Comment by Rebekah N. — October 11, 2012 @ 12:49 pm

  30. Reading this makes me more proud than ever that both of my grandmothers served missions in the early part of the 20th century.

    Comment by Julie — October 12, 2012 @ 4:05 pm

  31. Thanks for this post Andrea. I plan on circulating it through some of the leadership in my ward who work with youth. This change should be significant for ward leadership, especially for Bishops. Leaders should put less weight on the “marriage-first” paradigm and begin focusing more on preparing young women to prepare to become missionaries, effective gospel teachers, and prepared for the temple. Similar to some of the comments you reference in the post, my wife, Camille, also received less-than-enthusiastic council from her Bishop about serving a mission. Hopefully, this policy will influence these Bishops’ views on women missionary service.

    The “revolutionary” nature of these shifts can already be seen in the changes to the curriculum for YW (and for all youth)–its really simultaneous to the mission age policy. The horridly outdated YW manuals (the manual that dedicates an entire lesson to the topic of writing letters to missionaries) are gone (in January), replaced with online lesson modules that must be coordinated with AP quorums, and Sunday School classes. Certainly, we are seeing a shift from culturally anachronistic gendered emphases to more doctrinally-based, and gender-neutral principles and doctrines. (For some interesting thoughts on the significance of a curriculum only available online see http://www.withoutend.org/youth-curriculum-digital-facilitation-revelation/)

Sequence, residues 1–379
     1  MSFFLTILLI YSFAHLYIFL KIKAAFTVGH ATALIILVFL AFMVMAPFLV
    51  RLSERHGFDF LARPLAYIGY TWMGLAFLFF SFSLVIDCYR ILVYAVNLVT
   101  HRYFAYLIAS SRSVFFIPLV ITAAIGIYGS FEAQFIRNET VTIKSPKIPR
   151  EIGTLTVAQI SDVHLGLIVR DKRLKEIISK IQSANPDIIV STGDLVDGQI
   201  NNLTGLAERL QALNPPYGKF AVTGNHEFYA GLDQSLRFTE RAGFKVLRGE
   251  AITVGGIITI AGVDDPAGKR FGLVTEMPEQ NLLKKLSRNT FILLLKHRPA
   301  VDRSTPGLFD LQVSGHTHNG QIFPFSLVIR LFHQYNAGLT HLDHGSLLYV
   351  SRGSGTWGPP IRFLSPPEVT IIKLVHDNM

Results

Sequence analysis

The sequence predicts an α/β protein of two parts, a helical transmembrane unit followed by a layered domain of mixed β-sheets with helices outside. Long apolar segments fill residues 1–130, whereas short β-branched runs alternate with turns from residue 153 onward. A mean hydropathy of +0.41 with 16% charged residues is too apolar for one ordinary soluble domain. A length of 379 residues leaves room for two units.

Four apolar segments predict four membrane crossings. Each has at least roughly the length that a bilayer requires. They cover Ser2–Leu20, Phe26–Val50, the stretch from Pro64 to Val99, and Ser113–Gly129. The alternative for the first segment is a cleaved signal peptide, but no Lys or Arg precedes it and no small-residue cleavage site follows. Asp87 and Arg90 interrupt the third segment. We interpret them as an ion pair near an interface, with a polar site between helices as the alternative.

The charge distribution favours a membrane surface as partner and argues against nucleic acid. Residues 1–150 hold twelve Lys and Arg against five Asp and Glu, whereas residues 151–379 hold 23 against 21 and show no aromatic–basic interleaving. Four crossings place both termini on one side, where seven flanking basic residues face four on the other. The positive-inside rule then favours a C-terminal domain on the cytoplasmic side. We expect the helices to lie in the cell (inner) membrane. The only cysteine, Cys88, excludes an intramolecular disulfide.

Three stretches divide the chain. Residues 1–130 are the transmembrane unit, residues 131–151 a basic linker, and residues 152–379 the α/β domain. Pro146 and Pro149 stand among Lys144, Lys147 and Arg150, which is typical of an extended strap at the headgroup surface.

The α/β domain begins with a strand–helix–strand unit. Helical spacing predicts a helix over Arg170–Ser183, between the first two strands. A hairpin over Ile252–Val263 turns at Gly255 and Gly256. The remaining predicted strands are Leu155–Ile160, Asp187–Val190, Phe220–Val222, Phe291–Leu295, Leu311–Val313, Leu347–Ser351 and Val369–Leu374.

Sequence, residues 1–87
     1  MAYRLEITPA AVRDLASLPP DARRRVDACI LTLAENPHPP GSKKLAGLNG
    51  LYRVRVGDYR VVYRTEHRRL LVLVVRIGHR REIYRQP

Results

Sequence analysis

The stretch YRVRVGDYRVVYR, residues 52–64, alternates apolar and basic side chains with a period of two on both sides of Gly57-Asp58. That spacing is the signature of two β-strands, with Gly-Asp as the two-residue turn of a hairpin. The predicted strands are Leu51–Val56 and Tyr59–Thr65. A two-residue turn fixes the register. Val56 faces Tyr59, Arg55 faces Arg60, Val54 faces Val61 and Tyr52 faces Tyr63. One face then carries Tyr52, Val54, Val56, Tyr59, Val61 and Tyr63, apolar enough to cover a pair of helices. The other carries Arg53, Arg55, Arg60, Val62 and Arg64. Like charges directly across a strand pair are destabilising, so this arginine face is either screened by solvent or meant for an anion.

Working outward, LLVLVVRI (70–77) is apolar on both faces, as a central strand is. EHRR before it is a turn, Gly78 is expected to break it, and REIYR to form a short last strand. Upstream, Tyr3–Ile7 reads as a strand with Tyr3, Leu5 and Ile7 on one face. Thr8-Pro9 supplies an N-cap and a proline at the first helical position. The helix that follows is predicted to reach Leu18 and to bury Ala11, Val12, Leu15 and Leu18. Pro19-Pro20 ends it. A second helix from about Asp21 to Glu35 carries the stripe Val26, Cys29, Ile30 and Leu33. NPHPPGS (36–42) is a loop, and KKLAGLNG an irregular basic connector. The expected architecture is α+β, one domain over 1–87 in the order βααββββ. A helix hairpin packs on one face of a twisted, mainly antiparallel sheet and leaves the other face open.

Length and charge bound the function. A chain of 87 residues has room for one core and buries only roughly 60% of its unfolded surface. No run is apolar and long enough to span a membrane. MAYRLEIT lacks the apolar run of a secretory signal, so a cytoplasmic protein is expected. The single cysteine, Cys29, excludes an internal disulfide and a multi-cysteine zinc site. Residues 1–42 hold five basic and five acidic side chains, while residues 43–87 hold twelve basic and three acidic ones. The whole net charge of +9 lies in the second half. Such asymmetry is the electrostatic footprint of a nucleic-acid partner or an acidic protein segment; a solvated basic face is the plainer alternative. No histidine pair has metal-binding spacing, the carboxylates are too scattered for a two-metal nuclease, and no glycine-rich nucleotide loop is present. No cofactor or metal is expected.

Significant for both women and men is that now the burden of preparing missionaries falls on the home wards whereas before, we relied on singles wards or university wards. Also signifiant is the implication that we will have earlier temple worshipers. Already our Stake President has raised the issue of how to prepare younger young men to enter the temple–If they are eligible to leave right after graduation, some young men will need to go at 17 years old, when they are in those giddy last days of High School.

    Revolutionary…I agree.

    Comment by Shawn — October 28, 2012 @ 6:38 pm

  32. […] Radke-Moss, “Pragmatism and Progress: An Overview of LDS Sister Missionary Service in the Twentieth Century,” Juvenile Instructor (October […]